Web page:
What if you eliminated the majority of your menu items, strictly limiting your customers’ choices for their meal, and people loved it? This is a reality for restaurants that center around prix fixe menus. An oft-forgotten little sibling to the fine-dining tasting menu, a prix fixe menu typically offers three courses at a much lower price. It might seem radical in a world that valorizes choice, but prix fixe menus are a big draw for budget-conscious customers and can even be the ticket to a streamlined restaurant operation if done right.
Hit Bay Area restaurant Trestle provides an excellent case study of a prix fixe’s potential. Founded in 2015 by San Francisco’s Hi Neighbor Hospitality Group, Trestle shuns à la carte menus altogether, offering customers a fixed three-course menu with a starter, a main course, and a dessert. Diners choose between two items for each course with the option to add on a pasta course for an extra $12. On most nights, Trestle’s kitchen only has to serve eight different dishes, not counting variations for dietary restrictions, which the restaurant is happy to accommodate.
For co-owner Ryan Cole, part of the inspiration for Trestle came from a prix fixe experience years ago at chef Alice Waters’ renowned Berkeley restaurant Chez Panisse. “The menu was simpler, the food was better, it was just a memorable meal,” said Cole. “It wasn't expensive, it was just simple, quality products, not a lot of things on a plate, and I loved it.”
It’s that simplicity that underpins Trestle’s approach—not only is the menu short and to-the-point, but it also features dishes that call for a short list of ingredients. Fewer ingredients means that they can take advantage of bulk pricing and purchase premium ingredients at an affordable price. Because their food costs are so low, they can afford to offer a high-quality meal for $39. The prix fixe menu was also a more practical option for Trestle because its tiny kitchen isn’t nearly big enough for a full à la carte menu.
Executed with flair, the minimalist menu was a winner from the start. A glowing write-up from SF Chronicle critic Michael Bauer sealed the deal, and the restaurant’s business (doing up to three full seatings per evening) has never really slowed down. “It was the darling child because the food quality and service quality were so high, and the price point was so low,” said Cole.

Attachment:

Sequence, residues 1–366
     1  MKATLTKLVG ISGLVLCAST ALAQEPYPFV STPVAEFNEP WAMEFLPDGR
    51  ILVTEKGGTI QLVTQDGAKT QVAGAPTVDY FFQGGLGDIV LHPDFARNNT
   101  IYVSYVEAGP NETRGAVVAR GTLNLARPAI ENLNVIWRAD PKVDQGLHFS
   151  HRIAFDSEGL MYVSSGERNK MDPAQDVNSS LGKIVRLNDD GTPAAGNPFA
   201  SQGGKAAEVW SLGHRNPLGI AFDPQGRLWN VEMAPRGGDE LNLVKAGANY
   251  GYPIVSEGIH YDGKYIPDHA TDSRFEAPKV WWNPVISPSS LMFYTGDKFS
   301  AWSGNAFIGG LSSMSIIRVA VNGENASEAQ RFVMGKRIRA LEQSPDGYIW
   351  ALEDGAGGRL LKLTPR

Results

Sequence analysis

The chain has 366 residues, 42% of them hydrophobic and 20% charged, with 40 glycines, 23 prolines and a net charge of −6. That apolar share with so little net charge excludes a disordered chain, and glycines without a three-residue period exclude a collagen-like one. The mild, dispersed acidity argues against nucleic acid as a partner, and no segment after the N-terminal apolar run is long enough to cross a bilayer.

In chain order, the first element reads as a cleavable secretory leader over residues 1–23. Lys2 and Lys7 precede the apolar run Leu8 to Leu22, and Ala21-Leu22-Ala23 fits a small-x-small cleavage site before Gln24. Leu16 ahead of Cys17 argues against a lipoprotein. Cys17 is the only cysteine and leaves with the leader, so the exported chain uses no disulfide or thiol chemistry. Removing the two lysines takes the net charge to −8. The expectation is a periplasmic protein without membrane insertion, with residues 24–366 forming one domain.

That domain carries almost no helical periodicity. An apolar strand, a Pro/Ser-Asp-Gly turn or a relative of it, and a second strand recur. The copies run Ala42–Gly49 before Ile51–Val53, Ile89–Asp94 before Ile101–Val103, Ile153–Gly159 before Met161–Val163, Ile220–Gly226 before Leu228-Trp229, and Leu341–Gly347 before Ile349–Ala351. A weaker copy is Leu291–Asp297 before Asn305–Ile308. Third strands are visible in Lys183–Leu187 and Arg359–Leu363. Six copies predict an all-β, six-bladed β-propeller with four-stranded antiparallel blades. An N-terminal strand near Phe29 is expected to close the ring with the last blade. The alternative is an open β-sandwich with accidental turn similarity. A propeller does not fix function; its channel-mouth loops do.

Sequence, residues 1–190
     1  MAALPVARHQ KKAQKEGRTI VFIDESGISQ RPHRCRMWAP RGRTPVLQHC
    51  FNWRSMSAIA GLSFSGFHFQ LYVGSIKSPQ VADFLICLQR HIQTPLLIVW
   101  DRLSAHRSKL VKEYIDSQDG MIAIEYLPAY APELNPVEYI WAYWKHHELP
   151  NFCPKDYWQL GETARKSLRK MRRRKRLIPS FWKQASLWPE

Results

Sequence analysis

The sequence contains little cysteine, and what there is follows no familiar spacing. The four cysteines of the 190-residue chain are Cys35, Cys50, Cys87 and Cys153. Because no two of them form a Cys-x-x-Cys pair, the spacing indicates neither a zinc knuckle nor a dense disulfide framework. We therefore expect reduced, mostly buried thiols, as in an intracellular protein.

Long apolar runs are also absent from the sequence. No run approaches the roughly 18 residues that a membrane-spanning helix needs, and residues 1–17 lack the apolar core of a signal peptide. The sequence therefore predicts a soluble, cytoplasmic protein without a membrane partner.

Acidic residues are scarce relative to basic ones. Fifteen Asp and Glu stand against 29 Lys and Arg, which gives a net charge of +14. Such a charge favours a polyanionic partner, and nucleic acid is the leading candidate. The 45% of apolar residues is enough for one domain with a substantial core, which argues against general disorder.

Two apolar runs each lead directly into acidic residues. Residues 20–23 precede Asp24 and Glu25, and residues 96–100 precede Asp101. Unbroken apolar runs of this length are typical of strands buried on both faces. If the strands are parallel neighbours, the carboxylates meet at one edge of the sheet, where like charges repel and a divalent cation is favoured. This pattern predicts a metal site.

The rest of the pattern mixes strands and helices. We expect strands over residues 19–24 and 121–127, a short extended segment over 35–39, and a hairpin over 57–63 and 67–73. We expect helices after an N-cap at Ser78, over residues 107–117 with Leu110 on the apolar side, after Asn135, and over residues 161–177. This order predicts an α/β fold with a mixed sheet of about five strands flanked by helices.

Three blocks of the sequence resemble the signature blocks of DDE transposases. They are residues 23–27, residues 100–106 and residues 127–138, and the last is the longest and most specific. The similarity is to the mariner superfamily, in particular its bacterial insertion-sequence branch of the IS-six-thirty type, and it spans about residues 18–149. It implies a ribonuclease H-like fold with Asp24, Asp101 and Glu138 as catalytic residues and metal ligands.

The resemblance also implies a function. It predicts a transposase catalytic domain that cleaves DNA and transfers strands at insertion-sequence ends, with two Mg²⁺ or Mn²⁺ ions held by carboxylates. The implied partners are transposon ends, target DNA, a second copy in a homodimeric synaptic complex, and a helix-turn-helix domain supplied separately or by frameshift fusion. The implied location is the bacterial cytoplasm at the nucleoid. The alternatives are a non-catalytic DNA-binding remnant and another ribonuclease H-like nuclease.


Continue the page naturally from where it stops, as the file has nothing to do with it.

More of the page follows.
Even if Trestle upgraded to a larger space, Cole said he wouldn’t change its approach, partly for branding reasons but also because he feels that more and more customers value a well-executed menu over one with multiple choices. “You don't see many restaurants coming out with Cheesecake Factory style menus anymore,” he said, noting that plenty of à la carte restaurants now also limit their menus to just four or five main dishes.
Dennis Gemberling, the restaurant consultant and president of a consultancy firm called Perry Group International, also highlighted the “package” nature of prix fixe as a bonus, allowing servers to sell more with minimal effort. “If they can already offer a prix fixe menu that's already been thought out and planned out by somebody else, they don't have to spend a whole lot of time upselling it,” he explained.
Cole would agree; Trestle’s ultra-straightforward menu makes servers’ work so routine that he likens it to a ballet — the restaurant fills up and empties at around the same times every day, so the staff knows precisely how the entire evening will unfold.
Cole advocates for a permanent prix fixe approach, but plenty of à la carte restaurants offer specialty prix fixe menus to boost turnover at quieter times. According to Gemberling, this approach dates back to the ‘70s when some restaurants would open early for dinner and offer a discount prix fixe aimed at older diners. “It was very appealing to the senior crowd because they're on fixed budgets, they eat early, they go to bed earlier,'' he explained. “It filled in [times], where we would be dead until 6:30 or 7:00 at night."